Aluminum Σ3 grain boundary sliding enhanced by vacancy diffusion

N Du et al

Grain boundary sliding is an important deformation mechanism for elevated temperature forming processes. Molecular dynamics simulations are used to investigate the effect of vacancies in the grain boundary vicinity on the sliding of Al bi-crystals at 750 K. The threshold stress for grain boundary sliding was computed for a variety of grain boundaries with different structures and energies. These structures included one symmetrical tilt grain boundary and five asymmetrical tilt grain boundaries. Without vacancies, low energy Σ3 grain boundaries exhibited significantly less sliding than other high energy grain boundaries. The addition of vacancies to Σ3 grain boundaries decreased the threshold stress for grain boundary sliding by increasing the grain boundary diffusivity. A higher concentration of vacancies enhanced this effect. The influence of vacancies on grain boundary diffusivity and grain boundary sliding was negligible for high energy grain boundaries, due to the already high atom mobility in these boundaries.

Critical grain size for dislocation storage and consequences for strain-hardening of nanocrystalline materials

O Bouaziz et al

We consider strain-hardening of nanostructured materials and propose a physically based interpretation of their low strain-hardening capability in terms of a reduced storage rate of dislocations. The model suggested provides a modification of the Kocks-Mecking-Estrin (KME) evolution law for dislocation storage for nanostructured materials and predicts a critical grain size below which the strain-hardening rate drops off.

[1] On grain growth in the presence of mobile particles

V.Yu. Novikov

The ability of second phase particles to migrate along with grain boundaries is shown to be determined not only by the particle mobility but also by the migration rate of the grain boundary where they locate. This leads to a duality in the mobile particle behaviour: they behave as either movable or immovable depending on the boundary migration rate. In the first case, they reduce the boundary mobility; in the second one they decrease the driving force for boundary migration. It is demonstrated by numerical modeling that mobile particles with low mobility can suppress grain growth even in nanocrystalline material, the limiting grains size being several times smaller than in the case of randomly distributed immobile particles. It is also shown that the Zener solution to the problem of the grain growth retardation by disperse particles is a specific case of the proposed approach.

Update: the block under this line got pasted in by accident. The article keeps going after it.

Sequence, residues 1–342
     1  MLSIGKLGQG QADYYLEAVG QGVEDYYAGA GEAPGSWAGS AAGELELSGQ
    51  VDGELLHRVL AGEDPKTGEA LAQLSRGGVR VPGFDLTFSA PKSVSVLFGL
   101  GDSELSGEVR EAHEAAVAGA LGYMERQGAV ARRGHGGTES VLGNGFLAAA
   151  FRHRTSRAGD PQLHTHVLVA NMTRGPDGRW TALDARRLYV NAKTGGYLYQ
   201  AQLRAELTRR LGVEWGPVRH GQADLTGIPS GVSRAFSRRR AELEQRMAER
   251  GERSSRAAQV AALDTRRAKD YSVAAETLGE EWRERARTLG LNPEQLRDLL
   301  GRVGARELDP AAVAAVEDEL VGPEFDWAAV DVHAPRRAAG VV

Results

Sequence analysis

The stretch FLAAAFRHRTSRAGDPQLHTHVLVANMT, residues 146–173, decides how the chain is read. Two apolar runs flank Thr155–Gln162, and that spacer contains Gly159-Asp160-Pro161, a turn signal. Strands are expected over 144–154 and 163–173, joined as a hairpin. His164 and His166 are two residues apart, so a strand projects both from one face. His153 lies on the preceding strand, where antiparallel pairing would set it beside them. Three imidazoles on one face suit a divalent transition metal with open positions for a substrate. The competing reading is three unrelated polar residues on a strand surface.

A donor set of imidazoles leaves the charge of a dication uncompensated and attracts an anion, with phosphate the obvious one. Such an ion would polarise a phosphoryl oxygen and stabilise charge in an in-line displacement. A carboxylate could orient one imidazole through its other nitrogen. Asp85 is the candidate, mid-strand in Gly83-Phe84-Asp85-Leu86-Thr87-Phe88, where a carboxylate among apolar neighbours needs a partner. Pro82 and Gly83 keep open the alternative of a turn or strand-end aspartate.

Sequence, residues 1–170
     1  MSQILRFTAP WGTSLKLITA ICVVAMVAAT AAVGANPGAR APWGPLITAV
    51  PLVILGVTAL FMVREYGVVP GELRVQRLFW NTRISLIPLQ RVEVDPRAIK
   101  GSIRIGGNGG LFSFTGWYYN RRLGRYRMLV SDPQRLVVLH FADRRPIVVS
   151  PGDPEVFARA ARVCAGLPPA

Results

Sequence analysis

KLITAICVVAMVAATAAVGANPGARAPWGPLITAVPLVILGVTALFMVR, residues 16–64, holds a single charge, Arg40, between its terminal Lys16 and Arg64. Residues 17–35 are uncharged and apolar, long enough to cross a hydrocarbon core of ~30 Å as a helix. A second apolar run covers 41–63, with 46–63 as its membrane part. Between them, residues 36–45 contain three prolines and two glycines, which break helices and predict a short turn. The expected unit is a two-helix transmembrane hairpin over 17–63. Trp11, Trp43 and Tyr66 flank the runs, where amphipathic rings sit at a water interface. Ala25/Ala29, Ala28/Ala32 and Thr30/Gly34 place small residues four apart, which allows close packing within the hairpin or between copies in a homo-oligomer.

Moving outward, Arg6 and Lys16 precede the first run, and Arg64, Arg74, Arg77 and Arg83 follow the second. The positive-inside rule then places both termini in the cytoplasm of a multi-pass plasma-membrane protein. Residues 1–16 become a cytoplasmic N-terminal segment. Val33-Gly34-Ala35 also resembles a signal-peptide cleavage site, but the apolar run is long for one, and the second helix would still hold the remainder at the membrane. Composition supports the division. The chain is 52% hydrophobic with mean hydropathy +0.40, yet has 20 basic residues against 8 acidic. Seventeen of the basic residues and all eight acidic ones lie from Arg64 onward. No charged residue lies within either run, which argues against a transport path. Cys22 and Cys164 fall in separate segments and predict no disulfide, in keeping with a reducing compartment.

[2] Neutron Larmor diffraction measurements for materials science

J. Repper et al

Neutron Larmor diffraction (LD) is a high-resolution diffraction technique based on the Larmor precession of polarized neutrons. In contrast to conventional diffraction, LD does not depend on the accurate measurement of Bragg angles, and thus the resolution is independent of the beam collimation and monochromaticity. At present, a relative resolution for the determination of the crystal lattice spacing d of Δd/dnot, vert, similar10-6 is achieved, i.e. at least one order of magnitude superior to conventional neutron or X-ray techniques. This work is a first step to explore the application of LD to high-resolution problems in the analysis of residual stresses, where both the accurate measurement of absolute d values and the possibility of measuring type II and III stresses may provide additional information beyond those accessible by conventional diffraction techniques. Data obtained from Inconel 718 samples are presented.

Preface to the view point set Jean-Marc Chaix et al

Thermodynamics and Kinetics of Grain Boundary Triple Junctions in Metals – Recent Developments

G Gottstein et al

We assess the contribution of grain boundary triple junctions to the driving force for grain growth and the “energetic” effect of boundary junctions on grain growth in nanocrystalline materials. The first measurement of grain boundary line tension allows to estimate quantitatively the fraction of the driving force due to boundary triple junctions. For polycrystals with a grain size in the range of not, vert, similar50 nm, it is comparable with the driving force from grain boundaries.